Indigeneity as process: Māori claims and neoliberalism
In this article I use ethnographic material drawn from research with Māori to focus critical attention on the structural conditions that both enable and disable the reproduction of indigeneity in New Zealand. I conceptualize indigeneity as process, as intertwined with property struggles, as dynamically constituted and reconstituted in relation to the prevailing political economy, as facilitated and inhibited by state institutions, and as both primordial and contingent. I argue that in New Zealand, a particular type of indigeneity is rewarded, one that is most closely aligned with neoliberal architecture and although indigeneity may potentially co-opt neoliberal spaces, there are costs associated with this engagement.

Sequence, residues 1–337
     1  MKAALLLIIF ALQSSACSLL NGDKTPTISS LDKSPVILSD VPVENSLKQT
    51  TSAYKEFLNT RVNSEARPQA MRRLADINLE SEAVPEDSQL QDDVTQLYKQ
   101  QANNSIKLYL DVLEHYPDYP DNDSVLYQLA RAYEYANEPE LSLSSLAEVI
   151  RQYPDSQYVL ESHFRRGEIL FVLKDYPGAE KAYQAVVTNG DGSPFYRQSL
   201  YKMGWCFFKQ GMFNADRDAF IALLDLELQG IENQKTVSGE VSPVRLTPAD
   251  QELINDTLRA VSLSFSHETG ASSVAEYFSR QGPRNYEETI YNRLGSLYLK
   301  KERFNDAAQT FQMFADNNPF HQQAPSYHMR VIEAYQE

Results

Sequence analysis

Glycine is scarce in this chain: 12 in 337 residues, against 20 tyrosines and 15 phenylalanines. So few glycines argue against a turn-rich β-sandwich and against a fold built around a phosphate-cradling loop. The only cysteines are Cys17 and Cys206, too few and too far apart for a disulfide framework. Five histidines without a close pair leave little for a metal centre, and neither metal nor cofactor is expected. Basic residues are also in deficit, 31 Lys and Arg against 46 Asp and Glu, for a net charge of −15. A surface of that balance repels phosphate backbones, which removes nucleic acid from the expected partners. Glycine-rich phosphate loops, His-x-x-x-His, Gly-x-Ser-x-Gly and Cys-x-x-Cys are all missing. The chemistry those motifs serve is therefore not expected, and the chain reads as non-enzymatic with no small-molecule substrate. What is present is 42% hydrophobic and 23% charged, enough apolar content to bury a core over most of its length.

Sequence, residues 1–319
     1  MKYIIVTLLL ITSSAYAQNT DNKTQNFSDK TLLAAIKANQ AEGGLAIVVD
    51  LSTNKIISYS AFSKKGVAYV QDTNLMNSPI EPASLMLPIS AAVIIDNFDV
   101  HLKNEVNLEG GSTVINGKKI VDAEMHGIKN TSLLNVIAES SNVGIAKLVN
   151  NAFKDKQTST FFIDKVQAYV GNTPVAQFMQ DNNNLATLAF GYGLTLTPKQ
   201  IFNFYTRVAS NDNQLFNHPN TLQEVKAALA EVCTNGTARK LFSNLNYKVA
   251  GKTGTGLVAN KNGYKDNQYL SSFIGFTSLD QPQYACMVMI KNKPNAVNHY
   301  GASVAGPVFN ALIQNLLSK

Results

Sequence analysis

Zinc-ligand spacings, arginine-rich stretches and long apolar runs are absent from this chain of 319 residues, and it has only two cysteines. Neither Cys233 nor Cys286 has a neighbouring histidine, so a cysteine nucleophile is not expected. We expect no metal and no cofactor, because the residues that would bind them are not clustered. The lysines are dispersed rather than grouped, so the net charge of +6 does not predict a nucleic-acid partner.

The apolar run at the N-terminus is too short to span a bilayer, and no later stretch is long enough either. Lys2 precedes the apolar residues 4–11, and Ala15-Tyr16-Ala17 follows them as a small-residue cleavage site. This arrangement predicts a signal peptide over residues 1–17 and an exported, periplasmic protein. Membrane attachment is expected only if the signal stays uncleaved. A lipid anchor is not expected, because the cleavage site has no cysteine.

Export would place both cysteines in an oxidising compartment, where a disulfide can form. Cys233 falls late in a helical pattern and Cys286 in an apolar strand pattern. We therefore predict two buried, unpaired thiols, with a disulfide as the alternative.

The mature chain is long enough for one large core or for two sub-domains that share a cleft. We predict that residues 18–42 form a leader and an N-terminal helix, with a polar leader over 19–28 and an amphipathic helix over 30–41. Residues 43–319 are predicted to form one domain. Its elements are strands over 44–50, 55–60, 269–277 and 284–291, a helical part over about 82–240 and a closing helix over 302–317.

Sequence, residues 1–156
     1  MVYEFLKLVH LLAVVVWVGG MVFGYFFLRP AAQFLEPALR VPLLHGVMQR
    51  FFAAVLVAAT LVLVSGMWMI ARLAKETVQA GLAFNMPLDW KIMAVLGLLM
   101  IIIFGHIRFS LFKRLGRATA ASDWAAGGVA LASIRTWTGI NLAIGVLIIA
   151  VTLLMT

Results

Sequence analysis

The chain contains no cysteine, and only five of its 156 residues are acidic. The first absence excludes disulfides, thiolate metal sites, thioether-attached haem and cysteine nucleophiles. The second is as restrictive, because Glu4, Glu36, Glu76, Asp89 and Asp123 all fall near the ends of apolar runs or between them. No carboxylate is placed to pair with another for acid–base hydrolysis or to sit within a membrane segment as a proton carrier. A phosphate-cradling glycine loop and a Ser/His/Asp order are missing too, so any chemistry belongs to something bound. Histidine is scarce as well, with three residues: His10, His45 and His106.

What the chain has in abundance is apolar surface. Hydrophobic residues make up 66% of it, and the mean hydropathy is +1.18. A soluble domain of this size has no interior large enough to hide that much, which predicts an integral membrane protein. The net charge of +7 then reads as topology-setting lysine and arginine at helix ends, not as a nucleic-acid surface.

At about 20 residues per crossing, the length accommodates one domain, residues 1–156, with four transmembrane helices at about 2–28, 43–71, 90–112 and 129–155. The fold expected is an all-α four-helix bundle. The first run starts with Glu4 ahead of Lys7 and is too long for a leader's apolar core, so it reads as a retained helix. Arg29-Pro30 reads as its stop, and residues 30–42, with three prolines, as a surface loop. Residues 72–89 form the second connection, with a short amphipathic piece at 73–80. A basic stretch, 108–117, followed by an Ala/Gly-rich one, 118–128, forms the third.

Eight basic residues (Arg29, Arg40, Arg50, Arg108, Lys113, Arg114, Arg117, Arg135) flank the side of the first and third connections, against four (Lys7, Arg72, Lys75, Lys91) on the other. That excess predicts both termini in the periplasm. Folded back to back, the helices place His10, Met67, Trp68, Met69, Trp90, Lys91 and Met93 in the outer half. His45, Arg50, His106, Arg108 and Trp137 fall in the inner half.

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Document Type: Research Article
Affiliations: Department of Anthropology, University of Hawai'i, Hilo, Hawai'i, USA
Publication date: July 1, 2012